The man who changed American culture


Letterman: The Last Giant of Late Night by Jason Zinoman, Harper (HarperCollins Publishers), US $28.99, Pp 368, April 2017, ISBN 978-0062377210

In 1915, David Letterman retired, leaving behind a legacy built over thirty-three years on television. His career outran every late night show in history including legends like Johnny Carson and Ed Sullivan. During his career, David Letterman redefined the modern talk show with his comic style. Letterman may be one of the most celebrated stars in America, his career is commonly misunderstood. In Letterman, New York Times comedy critic Jason Zinoman writes the first authentic biography of Letterman and explains his legacy. Zinoman tells the story of Letterman’s from his early days in Indiana to his retirement. Zinoman goes behind the scenes of Letterman’s career to explain modern comedy.

David Letterman entered the national consciousness in the early 1980s when the roiling revolutions of the Not Ready for Prime Time Players of the original ‘Saturday Night Live’ were in transition, and the most popular comedian in America, Steve Martin, had just retired from stand-up comedy. ‘Late Night with David Letterman’ went on the air at 12.30 am when that seemed much later than it does now. Zinoman says that, before the internet and thousands of cable channels changed the cultural landscape, Letterman’s main competition was reruns, old movies, and sleep. ‘Late Night’ started with shots of empty New York streets followed by the camera panning up a dark skyscraper before zooming in on the one lit-up window. The opening carried a distinct message: this is the only thing on right now that matters.

Zinoman says that Letterman represented a version of New York cool that seemed more accessible than punk singers in ripped shirts on Broadway. He wore white sneakers, unkempt hair, and a conspiratorial expression. His smirking tone was so consistently knowing that he seemed as if he must know something. In the 1950s and early 1960s, during the first comedy boom, when clubs sprouted across the country and stand-up became one of the quickest routes to sitcom stardom, Letterman inspired an entire generation of comedians. He created a blueprint that was followed by almost every late night show with an adventurous bent and helped define a sensibility that changed the entire culture. At a time when talk shows were still trafficking in the chummy sensibility of the celebrity roast, David Letterman brought a certain kind of knowing, ironic, and elusive voice into the mainstream.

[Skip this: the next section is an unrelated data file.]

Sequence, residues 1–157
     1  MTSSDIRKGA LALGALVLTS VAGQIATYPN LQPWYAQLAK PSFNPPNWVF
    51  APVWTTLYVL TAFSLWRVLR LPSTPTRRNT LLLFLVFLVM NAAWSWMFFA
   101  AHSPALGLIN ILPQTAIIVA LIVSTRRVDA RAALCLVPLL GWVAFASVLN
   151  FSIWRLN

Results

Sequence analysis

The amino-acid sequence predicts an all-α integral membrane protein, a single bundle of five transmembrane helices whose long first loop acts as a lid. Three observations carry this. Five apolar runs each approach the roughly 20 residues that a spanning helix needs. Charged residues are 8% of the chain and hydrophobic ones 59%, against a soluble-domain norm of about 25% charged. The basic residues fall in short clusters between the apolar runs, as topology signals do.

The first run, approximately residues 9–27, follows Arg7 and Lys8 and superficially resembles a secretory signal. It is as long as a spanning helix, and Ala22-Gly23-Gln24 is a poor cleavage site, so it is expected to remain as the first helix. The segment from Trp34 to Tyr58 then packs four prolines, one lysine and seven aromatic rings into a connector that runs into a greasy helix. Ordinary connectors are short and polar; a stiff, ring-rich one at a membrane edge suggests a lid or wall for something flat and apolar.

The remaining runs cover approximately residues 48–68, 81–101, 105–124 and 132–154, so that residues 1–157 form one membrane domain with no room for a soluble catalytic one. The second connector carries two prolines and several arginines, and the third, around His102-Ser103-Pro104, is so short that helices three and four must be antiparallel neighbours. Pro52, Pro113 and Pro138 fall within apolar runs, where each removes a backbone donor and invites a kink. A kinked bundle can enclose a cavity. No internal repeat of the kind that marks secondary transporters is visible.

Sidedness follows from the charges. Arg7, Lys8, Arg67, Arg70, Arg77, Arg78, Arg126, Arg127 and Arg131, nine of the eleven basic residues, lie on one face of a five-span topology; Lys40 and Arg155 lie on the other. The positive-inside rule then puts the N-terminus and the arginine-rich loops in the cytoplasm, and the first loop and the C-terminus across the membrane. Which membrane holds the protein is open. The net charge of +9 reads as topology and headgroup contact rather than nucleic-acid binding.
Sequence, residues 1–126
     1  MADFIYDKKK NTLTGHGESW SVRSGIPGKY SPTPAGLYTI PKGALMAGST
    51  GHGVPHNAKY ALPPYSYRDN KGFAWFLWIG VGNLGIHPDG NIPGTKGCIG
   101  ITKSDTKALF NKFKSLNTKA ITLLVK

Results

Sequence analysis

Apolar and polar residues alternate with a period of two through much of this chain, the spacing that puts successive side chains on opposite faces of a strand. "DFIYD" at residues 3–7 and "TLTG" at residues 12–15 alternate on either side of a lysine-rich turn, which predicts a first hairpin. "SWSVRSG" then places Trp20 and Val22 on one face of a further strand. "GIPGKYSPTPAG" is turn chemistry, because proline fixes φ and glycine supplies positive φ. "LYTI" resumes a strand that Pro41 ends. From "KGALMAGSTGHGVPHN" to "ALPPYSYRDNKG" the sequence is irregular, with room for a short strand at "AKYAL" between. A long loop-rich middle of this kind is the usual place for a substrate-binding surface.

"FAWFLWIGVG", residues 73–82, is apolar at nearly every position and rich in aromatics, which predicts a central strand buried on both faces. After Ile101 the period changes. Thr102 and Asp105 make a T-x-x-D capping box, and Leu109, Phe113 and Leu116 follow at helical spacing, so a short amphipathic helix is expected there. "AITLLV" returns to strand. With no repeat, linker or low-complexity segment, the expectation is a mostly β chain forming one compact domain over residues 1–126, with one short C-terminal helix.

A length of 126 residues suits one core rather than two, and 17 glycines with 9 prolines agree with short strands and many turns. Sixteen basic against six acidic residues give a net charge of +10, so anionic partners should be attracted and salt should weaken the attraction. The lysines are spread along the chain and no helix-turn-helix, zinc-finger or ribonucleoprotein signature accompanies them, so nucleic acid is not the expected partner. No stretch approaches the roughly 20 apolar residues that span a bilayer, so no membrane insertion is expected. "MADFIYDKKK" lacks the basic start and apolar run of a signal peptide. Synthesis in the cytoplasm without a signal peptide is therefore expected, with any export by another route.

Letterman wasn’t the first late-night talk-show host or the most popular or popular or powerful one. But he was the most influential. Zinoman writes, “Letterman didn’t just create two new network television franchises and produced some of the funniest, most innovative comedy in the history of television in a career that spanned more than six thousand hours of performance. He created a new comic vocabulary that expanded our cultural sense of humor and made a persuasive case for the daily talk show as an ambitious art form.”

David Letterman is an integral part of modern American culture. Zinoman provides a profound analysis of Letterman’s person and legacy and explains how they are inseparable from modern American culture. Zinoman provides deep insight into how Letterman impacted the modern American culture. In this beautifully written book, Zinoman takes you to 1980s, 1990’ and 2000s’ and behind the stage. He brings Letterman alive as you read on and, at times, you feel as if you are present on stage with Letterman. It is a necessary read for everyone interested in Letterman and American talk shows.